Ready for Trial: Law Enforcement Compliment
A law enforcement compliment can be a hard thing to come by for a Maryland criminal defense attorney.
But, in the last week, we have had two Maryland police officers give us law enforcement compliments after standing by our firms’ mantra: Ready for trial!
The courts and prosecutors treat you differently when you are: Ready for trial! Judges and Assistant State’s Attorneys don’t remember criminal defense attorneys that plead their clients guilty, but they do recognize the lawyers that take cases to trial.
Frederick County DUI Trial: Law Enforcement Compliment
The first law enforcement compliment arose from a Frederick County DUI trial.
We put the police officer through a detailed and thorough cross-examination about the stop, standard field sobriety tests, arrest, and breathalyzer.
Unfortunately, the judge did not agree with our theory of the case and found my client guilty of DWI. We are currently appealing the case in the Frederick County Circuit Court and will be scheduled for a jury trial in the coming months.
My client represented himself at the MVA hearing. After the MVA hearing, the police officer approached my client and said that he was really impressed with his defense attorney during the trial.
Apparently, my cross-examination had struck a chord with the police officer. I wasn’t rude, or insulting. I stuck to a strategy of identifying everything the police either did wrong, or failed to observe.
By everything, I mean everything.
The prosecutor in our district court DUI trial did a great job and I look forward to litigating the case, again, in circuit court.
Washington County Theft Trial: Law Enforcement Compliment
The second law enforcement compliment arose from a Washington County theft trial. The case was weak.
I knew. The State knew it. The co-defendant’s attorneys knew it. The police officer knew it.
After advising the Assistant State’s Attorney that my client and I were ready for trial, the police officer approached me in the hallway.
He wanted to work the case out by way of a guilty plea. Said he wasn’t opposed to my client getting a probation before judgment and no jail time.
I explained that I understand his position and the hard work he put into the case, but I couldn’t advise my client to plead guilty. The case was weak, and the State was going to have a hard time prove an important element of theft: intent.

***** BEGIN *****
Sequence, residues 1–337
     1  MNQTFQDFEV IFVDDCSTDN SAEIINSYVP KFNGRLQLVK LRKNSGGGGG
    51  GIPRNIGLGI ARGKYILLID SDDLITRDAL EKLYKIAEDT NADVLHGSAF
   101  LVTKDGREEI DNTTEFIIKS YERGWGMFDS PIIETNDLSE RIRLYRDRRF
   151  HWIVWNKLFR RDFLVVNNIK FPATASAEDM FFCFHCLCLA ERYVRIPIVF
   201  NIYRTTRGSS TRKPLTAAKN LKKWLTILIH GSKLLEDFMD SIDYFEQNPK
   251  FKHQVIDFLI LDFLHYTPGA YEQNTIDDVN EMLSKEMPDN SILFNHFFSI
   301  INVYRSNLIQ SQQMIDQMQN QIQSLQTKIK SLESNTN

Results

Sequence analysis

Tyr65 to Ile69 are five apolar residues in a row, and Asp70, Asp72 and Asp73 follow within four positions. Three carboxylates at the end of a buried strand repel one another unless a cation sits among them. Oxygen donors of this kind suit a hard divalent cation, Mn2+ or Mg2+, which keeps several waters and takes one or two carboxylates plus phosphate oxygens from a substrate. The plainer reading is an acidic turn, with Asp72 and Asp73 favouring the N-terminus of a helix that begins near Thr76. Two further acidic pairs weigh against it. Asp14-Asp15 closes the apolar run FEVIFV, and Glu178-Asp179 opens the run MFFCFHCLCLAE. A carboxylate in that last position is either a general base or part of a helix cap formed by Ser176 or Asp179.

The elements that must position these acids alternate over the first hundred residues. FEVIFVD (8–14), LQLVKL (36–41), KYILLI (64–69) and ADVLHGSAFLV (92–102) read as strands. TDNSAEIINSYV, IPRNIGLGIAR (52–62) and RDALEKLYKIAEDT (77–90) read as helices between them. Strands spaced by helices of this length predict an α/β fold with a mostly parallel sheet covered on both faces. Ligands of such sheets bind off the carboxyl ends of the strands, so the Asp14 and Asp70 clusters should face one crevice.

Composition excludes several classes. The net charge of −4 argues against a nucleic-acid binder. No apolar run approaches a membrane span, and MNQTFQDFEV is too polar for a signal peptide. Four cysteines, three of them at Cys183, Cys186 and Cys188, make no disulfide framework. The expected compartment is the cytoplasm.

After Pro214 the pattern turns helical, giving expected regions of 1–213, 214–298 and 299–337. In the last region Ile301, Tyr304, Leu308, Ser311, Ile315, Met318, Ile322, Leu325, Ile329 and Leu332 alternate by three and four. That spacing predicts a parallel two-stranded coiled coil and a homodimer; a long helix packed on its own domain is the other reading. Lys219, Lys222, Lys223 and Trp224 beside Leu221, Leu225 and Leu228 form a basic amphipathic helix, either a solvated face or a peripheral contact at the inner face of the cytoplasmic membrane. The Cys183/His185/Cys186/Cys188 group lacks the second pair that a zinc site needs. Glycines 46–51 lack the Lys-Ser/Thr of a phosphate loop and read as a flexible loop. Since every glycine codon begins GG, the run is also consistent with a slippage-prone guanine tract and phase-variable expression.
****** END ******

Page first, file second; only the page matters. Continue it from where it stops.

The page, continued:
I also explained that I thought the police officer’s interrogation of my client without Miranda rights was unconstitutional. My plan to was gut the State’s case, leaving the prosecutor with no evidence linking my client to the theft.
If that failed, then I would judo law my client’s statements and use them against the State by showing that he never admitted to knowing about the theft. An important element of theft.
The police officer and I cordially agreed to disagree with the outcome of the case.
About 30 minutes later, the police approached me with the victims in the case. The police officer explained to the victims that my client’s was being dismissed.
What changed? First, the more culpable co-defendant plead guilty. Second, the officer realized his case against my client was weak. Rather than sit around for another two hours and have a trial, it was easier to come to grips with the fact that we were ready for trial.
In the hallway after my client’s was dismissed, the police officer asked if I was local Hagerstown attorney. I said I wasn’t, that I was a Carroll County Criminal Defense Attorney.
The prosecutor in this case had a tough set of facts and I appreciate the willingness to use their discretion and dismiss the case.
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The Law Office of Ross W. Albers is located in Westminster, Maryland. Maryland Criminal Defense Attorney Ross W. Albers is a former Baltimore City prosecutor that knows what you’re up against. The Law Office of Ross W. Albers is a litigation law practice that focuses on taking criminal and driving under the influence cases to trial.